Editor’s Note:Bishop Terry Steib, SVD, professed First Vows as a Divine Word Missionary in 1959 and was ordained to the priesthood in 1967.He was ordained as a bishop in 1984 and served as the Auxiliary Bishop of St. Louis before becoming the fourth Bishop of Memphis in 1993.He retired in 2016 and reflects below about the 50th anniversary of his ordination, which he celebrated last month.
As I transition from serving as the Ordinary of the Catholic Diocese of Memphis in Tennessee and as I move forward into the next chapter of my religious and spiritual life, I am reminded that January 6, 2017 is approaching. Apart from being the Solemnity of the Epiphany within the liturgical cycle of Christmas, this date is significant to me because fifty years ago – January 6, 1967 – I, along with six of my classmates, was ordained a priest within the charism of the Divine Word Missionaries in Bay St. Louis, MS.
To know that one has been in priestly ministry for fifty years is in itself overwhelming. “Has it been that long?” I think. Yes, it has! “Have I served God and community, ministered to Church and people of God all this time?” Yes, I have!
After his ordination on January 6, 1967, in Bay St. Louis, Bishop Steib remained there as Assistant Dean of Students at Divine Word Seminary from 1967-1969. He also served as professor, from 1967-1976, for the seminarians attending St. Stanislaus High School in Bay St. Louis. “I taught English, literature, religion, reading and speech,” says Bishop Steib, “helping the students to become young men who could think and discern God’s call for themselves.”
Bishop Steib served three terms as the Provincial Superior of Divine Word Missionaries, Southern Province, from 1976-1983. “Some of the challenges of this period involved making certain that we all worked as a team, seeing one another as real brothers,” says Bishop Steib.
“We asked ourselves: ‘What is our mission in this part of the Lord’s vineyard?’” He was also elected Vice President of the Conference of Major Superiors of Men in the years from 1979 to 1983.In 1984, he was ordained Auxiliary Bishop for the Archdiocese of St. Louis, Missouri, and was also Titular Bishop of Fallaba in St. Louis. “My ministry involved visiting all of the parishes, visiting students before their confirmations and interacting with all of the priests as we got to know one another,” Bishop Steib says. “Together, we worked with the seminary and theologate to move forward.”
Bishop Steib was installed as the fourth Bishop of Memphis in 1993. One of his most important accomplishments has been “the reclaiming of the Catholic schools to create one Catholic school system.” Known as the “Jubilee” schools, they include eight Memphis Catholic schools that were closed and have now been reopened. “When we closed a school in an urban area, we were leaving more than buildings behind; we were leaving behind children who yearned for a Catholic school more than ever,” says Bishop Steib, adding that “it is the heritage of Catholic education to lift up those most in need.”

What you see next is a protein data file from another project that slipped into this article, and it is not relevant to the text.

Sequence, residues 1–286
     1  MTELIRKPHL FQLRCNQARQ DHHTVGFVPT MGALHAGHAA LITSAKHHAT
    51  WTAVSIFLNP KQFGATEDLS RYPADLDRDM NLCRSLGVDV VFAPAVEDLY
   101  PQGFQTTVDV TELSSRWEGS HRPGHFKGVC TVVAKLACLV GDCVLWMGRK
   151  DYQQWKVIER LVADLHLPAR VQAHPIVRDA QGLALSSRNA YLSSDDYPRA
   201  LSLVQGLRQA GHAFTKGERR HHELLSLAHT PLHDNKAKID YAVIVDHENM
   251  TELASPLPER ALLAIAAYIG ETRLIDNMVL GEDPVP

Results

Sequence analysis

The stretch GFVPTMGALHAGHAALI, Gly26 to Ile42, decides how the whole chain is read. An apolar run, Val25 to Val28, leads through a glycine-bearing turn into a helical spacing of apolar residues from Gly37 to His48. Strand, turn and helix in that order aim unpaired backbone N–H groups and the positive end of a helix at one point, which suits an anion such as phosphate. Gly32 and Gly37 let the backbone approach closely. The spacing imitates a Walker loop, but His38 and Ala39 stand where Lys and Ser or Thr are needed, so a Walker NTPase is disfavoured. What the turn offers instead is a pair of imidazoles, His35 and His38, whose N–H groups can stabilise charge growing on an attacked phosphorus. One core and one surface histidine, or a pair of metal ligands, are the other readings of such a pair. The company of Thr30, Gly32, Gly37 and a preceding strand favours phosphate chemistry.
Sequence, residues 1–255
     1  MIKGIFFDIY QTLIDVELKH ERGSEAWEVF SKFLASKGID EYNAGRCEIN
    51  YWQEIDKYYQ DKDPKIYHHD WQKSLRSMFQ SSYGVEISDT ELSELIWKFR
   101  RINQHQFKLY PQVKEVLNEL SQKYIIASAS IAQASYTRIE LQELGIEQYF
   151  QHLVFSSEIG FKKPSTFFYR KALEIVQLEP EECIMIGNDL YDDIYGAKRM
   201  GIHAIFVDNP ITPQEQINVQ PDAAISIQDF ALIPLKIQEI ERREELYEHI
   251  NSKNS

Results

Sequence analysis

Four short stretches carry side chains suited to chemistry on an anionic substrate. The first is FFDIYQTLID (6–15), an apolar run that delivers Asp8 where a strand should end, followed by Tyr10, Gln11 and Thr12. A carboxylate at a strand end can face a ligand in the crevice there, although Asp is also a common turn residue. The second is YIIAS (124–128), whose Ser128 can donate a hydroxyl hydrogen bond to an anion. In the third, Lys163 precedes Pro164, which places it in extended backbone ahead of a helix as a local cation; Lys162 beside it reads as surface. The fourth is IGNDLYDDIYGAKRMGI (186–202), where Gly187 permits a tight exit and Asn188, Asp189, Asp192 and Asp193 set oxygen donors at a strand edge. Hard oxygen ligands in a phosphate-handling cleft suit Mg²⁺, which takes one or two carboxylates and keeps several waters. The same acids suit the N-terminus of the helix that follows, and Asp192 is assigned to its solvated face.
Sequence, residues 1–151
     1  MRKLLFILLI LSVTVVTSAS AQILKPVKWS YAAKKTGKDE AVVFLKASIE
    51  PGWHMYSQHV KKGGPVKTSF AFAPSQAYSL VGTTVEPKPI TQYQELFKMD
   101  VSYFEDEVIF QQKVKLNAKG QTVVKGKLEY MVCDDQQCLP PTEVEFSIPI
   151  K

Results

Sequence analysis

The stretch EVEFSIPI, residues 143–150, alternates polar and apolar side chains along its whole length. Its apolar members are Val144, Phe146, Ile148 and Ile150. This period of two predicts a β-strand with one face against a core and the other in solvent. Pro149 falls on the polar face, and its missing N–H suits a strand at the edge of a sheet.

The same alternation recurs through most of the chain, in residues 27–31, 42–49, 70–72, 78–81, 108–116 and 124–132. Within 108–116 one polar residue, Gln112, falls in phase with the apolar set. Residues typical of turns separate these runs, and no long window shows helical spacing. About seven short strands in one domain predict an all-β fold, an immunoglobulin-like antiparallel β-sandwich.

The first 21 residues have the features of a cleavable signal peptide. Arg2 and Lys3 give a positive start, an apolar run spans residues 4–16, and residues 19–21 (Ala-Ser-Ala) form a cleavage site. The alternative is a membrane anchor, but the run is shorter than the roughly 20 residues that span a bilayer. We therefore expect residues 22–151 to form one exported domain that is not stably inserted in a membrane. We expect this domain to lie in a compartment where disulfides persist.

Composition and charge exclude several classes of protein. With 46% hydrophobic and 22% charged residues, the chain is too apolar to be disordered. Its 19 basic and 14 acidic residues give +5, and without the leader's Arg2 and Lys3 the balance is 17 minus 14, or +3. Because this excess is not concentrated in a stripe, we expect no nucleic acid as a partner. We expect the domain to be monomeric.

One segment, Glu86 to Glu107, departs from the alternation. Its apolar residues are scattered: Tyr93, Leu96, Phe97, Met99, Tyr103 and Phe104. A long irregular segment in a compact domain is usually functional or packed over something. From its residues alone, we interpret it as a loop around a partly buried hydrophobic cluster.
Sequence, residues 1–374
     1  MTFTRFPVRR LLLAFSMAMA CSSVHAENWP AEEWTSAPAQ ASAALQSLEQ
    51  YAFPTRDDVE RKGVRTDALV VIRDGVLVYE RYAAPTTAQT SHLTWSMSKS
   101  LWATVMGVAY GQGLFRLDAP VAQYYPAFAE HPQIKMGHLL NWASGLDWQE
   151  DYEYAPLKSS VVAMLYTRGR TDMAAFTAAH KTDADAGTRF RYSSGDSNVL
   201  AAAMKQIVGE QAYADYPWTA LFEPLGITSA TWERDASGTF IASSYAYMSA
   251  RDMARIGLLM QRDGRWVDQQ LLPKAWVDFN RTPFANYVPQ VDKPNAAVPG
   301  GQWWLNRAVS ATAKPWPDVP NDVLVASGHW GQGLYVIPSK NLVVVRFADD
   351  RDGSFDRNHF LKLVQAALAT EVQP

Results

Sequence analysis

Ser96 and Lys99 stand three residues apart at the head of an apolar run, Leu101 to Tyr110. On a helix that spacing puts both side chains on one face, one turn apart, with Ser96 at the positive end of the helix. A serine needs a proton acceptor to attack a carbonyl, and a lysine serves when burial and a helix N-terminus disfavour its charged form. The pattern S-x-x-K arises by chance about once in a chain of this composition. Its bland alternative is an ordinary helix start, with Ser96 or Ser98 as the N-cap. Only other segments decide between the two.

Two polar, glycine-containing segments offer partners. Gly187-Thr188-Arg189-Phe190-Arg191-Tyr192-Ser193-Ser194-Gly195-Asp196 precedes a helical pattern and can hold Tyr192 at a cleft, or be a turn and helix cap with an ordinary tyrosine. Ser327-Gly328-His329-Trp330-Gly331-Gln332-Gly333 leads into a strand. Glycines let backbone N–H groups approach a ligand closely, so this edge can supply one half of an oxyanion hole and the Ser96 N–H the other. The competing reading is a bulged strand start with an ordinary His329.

He is a pioneer in a new ministry as well. In a pastoral letter from June of 2005, in This Far by Faith, Bishop Steib wrote: “To be sure that we do not leave anyone behind…to be sure that we promote genuine gratitude and reverence for the gift that each one of us is to the Church, we have begun to lay the foundations for a diocesan ministry with Catholic gay and lesbian persons.” Today, this remains an ongoing ministry, with monthly group meetings that have helped reconcile people with their families and the Church, fostering acceptance and love.
Reflecting on his experiences as an African American Bishop, he says, “An important challenge is to get our people in the Church to see the universality of church in all its cultural diversity, to look at and bless these differences and to see the beauty of one church and one family.” And being an SVD, Bishop Steib says, “means belonging to a community that values the cultural differences, accepts those differences and makes us missionaries of God’s Word.”
In discussing vocations for young African Americans, Bishop Steib feels that “for too long, we saw ourselves as servants of the people, without inviting them to join us.” In Memphis, he gathers pastors and interested young men at his residence for vocational discussions. “We share our stories and let them know that we were once like them, too. We try to open the door and help God along.”
Bishop Steib currently serves as a committee member for Hispanic Affairs, Evangelization and Conciliation and Arbitration. He is also Chairperson for Consecrated Life and serves as a member on the Board of Directors of the Catholic Extension Society. He stresses the importance of getting all clergy to work together, moving forward with the mission and vision of the diocese – educationally, socially and spiritually.
Looking ahead, Bishop Steib has set a new goal. “Based on depositions and legal cases, and after reading Matt Kelly’s book, Rediscovering Catholicism, I plan to research the question: Do people really know what Catholicism is all about?” He will write a series of pastoral letters, addressing Catholicism as a way of life, not just a fulfillment of obligations.
What advice does Bishop Steib offer to young men aspiring to missionary service? “Get in touch with an SVD,” he emphasizes, “to learn about the challenges of bringing the Gospel to others. Witness our SVD community for yourself – we are made up of so many different cultures. We speak loudly and clearly about who we are.”
When asked about his motto, “The Lord is My Light,” Bishop Steib says, “I liken it to being a running back in football, inspired by Coach Vince Lombardi. You run to daylight – you find a way, a light, to get through the line. I keep my eye on the prize. The Lord is my Light – whom should I fear?”